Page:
In Manchester, New Hampshire, an owner of an apartment building called a tow truck to have an illegally parked car removed. After the car had been placed on the tow truck and lifted, the owner of the vehicle showed up. According to the Union Leader, to avoid having his car towed, the man set it on fire. The tow truck driver unhitched and dropped the vehicle, at which time the owner extinguished the car fire himself before fire and police personnel arrived. He was arrested for arson.
In Syracuse, Indiana, a woman and her 9-year-old son got in her car, and the woman started backing out of her driveway. When she turned to look behind her, she spotted a spider on her shoulder and panicked. According to the Associated Press, she leaped out of the car. Her son jumped in the front seat and tried to stop the car, but hit the gas pedal instead, and the car crashed into a school bus. Fortunately, the son had only minor injuries, the bus driver wasn’t hurt and there were no passengers on the bus.
In Esto, Florida, police responded to a reported burglary at a liq.uor store and found the front door busted and a lottery ticket dispenser missing. About eight hours later, a man entered the store to cash in a winning lottery ticket. According to the Panama City News Herald, the store clerk notified police who arrived and confronted the man. He admitted to the earlier burglary.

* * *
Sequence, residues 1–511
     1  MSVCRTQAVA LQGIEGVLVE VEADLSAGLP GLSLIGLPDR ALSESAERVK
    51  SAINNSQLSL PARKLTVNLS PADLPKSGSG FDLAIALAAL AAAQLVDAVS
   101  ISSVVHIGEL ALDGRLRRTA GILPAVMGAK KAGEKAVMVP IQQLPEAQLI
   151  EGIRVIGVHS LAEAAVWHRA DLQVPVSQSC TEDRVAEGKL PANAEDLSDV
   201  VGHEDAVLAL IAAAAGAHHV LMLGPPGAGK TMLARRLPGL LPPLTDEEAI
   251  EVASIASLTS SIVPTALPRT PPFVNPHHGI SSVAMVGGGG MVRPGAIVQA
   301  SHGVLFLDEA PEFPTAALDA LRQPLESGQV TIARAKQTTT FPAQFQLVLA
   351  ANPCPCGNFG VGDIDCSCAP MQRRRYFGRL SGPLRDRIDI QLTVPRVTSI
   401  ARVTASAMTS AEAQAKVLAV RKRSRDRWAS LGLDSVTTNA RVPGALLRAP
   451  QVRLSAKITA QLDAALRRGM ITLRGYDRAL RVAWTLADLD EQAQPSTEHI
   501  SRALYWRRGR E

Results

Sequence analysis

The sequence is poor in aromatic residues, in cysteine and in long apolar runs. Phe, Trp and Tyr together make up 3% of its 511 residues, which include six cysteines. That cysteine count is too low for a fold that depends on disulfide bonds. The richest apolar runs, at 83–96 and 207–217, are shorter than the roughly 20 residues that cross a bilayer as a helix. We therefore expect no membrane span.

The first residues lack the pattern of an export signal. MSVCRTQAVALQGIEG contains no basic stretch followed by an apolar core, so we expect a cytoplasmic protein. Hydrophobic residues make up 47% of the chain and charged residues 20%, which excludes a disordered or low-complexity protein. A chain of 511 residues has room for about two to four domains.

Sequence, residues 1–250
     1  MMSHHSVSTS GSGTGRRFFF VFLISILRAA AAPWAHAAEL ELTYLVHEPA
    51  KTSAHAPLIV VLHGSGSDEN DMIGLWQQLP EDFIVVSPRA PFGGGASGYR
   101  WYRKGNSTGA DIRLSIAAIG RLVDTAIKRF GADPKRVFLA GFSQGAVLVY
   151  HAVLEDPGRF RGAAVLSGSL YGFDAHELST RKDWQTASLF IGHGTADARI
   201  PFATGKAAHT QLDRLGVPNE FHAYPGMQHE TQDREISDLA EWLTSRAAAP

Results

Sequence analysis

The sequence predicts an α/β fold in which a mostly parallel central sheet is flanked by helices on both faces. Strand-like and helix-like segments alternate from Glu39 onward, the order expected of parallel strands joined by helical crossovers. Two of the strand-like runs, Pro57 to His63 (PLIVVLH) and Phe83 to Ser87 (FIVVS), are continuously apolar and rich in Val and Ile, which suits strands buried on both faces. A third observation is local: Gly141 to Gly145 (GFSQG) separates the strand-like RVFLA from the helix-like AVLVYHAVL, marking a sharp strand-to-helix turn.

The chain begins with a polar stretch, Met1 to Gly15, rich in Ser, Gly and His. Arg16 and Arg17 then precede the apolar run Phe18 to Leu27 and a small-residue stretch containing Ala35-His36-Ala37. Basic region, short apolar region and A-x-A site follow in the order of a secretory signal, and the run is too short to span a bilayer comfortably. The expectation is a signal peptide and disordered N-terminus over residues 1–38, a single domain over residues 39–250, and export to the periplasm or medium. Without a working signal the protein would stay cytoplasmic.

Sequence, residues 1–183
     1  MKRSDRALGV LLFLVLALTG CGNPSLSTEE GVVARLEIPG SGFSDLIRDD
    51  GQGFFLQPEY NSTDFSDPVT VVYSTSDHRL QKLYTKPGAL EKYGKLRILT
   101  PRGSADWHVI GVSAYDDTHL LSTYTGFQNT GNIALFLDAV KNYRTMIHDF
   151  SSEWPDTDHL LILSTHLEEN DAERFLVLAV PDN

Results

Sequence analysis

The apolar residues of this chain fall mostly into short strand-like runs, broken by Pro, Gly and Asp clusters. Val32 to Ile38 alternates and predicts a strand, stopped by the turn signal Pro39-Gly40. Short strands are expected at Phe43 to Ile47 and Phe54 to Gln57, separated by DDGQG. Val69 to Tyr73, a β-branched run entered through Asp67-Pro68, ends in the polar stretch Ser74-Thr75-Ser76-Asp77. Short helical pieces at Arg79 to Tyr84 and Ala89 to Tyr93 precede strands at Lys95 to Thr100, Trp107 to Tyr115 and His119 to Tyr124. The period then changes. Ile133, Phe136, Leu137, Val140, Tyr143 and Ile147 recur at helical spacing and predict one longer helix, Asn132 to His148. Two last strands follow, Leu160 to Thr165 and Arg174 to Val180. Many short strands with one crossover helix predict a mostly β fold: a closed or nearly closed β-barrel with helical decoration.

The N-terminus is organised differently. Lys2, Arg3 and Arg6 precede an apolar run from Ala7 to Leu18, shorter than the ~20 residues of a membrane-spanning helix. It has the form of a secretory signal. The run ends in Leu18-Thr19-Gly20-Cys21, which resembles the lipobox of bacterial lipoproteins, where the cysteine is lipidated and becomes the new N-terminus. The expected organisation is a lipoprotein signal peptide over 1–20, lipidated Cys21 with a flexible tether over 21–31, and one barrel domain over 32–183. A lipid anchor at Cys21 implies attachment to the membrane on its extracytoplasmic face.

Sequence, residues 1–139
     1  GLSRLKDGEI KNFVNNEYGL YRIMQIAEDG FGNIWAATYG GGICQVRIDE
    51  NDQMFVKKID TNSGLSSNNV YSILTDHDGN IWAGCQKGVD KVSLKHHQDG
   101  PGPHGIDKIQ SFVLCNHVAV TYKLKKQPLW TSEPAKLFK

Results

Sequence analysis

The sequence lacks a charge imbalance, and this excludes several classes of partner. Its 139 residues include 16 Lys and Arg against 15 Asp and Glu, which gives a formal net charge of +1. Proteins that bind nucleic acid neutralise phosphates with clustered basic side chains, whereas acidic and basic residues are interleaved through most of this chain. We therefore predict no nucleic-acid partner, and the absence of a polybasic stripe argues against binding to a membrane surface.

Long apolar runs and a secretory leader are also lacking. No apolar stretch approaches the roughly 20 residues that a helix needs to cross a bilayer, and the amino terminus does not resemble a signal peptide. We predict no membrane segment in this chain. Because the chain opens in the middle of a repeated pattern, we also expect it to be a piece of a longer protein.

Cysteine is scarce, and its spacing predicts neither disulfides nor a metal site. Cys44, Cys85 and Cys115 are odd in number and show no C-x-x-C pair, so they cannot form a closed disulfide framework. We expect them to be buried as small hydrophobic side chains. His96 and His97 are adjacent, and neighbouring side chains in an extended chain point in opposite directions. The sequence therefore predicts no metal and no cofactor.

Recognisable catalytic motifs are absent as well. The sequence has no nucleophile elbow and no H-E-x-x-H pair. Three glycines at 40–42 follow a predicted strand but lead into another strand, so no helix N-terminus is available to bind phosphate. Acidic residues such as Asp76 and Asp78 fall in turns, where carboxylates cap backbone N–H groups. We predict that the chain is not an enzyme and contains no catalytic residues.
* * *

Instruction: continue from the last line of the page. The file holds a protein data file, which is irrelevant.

In California, a federal judge ruled that Warner/Chappell Music does not own the copyright rights to the famous “Happy Birthday to You” song. He determined the song’s original copyright, obtained by the Clayton F. Summy Co. from the song’s writers, only covered specific piano arrangements of the song and not its lyrics, according to the New York Daily News. The lawsuit was filed two years ago by Good Morning To You Productions Corp., which is working on a documentary film tentatively titled “Happy Birthday.” The company challenged the copyright now held by Warner/Chappell Music Inc., arguing that the song should be “dedicated to public use and in the public domain.” The lawsuit also asked for monetary damages and restitution of more than $5 million in licensing fees it said Warner/Chappell had collected from thousands of people and groups who’ve paid to use the song over the years.